Some performances are good, some are extravagant, some I’m applauding on because I feel bad for them. I may come back too, you know. I don’t want to begin with boo’s or snoozes.
The guest performers get up in turn, as their hosts introduce them to the audience; the late guy will have to wait.
If anyone else is going to stick around to watch him yap on.
The guest performers are honoured, our authority, pleased, and the guest stars have some interesting stuff to share.
All in all, it’s been a neat wrap, and everyone’s happy.
Oh, almost everyone.
I forget, there’s still that little ink blot.
There now, he’s getting up.
The principal has gotten up and is shaking the guest performers’ hands, congratulating them.
Unofficially, this means we’re through.
Now I can understand you’d feel horrible if someone skipped you altogether. But it would look more embarrassing if this knowledge were made public.
So the organisers say nothing, but look a bit nervous.
But pins are made for a purpose: pricking.
Well, I’ve been enjoying the show so far, and my friend’s got a smile on too, so it just wouldn’t do to ruin the mood here.
Why would you want to screw up the very last event of the year!?
But Mr. Hotshot walks through the pandemonium.
That’s it, I’ve had it.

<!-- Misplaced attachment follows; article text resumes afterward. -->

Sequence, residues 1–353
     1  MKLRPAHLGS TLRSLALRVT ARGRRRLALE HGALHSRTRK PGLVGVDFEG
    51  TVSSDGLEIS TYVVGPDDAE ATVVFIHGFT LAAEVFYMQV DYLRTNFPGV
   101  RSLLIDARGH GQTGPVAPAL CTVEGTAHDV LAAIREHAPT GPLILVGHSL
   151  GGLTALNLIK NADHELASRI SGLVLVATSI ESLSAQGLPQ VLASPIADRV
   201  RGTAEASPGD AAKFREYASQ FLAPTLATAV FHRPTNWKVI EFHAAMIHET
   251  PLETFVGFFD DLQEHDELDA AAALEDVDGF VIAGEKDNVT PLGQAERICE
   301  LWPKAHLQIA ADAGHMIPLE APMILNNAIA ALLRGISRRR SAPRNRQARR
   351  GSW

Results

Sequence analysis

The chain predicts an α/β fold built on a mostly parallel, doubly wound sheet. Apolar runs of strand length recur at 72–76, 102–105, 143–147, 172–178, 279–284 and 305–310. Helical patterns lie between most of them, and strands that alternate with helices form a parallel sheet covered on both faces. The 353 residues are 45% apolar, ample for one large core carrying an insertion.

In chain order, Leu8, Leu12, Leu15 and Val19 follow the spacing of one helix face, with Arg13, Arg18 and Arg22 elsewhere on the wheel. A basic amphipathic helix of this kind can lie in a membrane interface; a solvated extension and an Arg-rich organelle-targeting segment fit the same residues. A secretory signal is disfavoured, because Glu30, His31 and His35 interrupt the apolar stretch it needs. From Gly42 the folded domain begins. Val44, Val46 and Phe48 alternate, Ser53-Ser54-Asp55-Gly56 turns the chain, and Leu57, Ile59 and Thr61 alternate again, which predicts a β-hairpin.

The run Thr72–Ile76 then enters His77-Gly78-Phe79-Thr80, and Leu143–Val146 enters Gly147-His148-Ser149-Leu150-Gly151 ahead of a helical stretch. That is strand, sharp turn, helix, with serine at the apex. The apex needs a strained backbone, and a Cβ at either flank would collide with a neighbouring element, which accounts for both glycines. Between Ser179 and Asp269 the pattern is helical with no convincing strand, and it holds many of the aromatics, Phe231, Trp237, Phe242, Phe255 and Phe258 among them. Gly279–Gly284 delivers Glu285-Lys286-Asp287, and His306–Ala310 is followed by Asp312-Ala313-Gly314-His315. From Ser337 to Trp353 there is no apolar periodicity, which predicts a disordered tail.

I decide to use my newfound weapon.
Right behind the guests and the principal, Hotshot walks across the stage.
Of course no one notices him.
There are first time performers revelling in a job well done (managed?), there are guitars and airs and praise.
That’s when I make my move.
Slip, slide, silence.
And no one’s seen a thing.
A clean act!
I think even today, I’m particularly fond of pull-plugs.
(The organisers ought to thank me, by the way.)
On a completely unrelated note, that building our school is in is practically a melting pot.
I did mention once that there are horticulturists there.
I’ve heard of a new trend that’s been doing rounds: apparently, it’s now fashionable to be doing things that are off-season.
In the winter of the city, these guys were growing cacti in their office. Bulk.
I ought to go shopping.
About twenty minutes later, we’re all walking down, asking the organisers when the event will return next year.
And then there are noises.
I glance up, oh, we’re passing the eighth floor.
I shrug and say, whatever, I don’t want to find out.
My friend is concerned.
Maybe someone’s dog is hurt?
I tell her I’ll meet her down.
I’ll clear a path for her and the paramedics.
I met her about ten minutes after she discovered an “accident”.
She informed me that our guy is in the hospital, will be for a few months, and will never be able to reproduce again.
I visited him a few months ago, and gifted him a cactus as a little memento.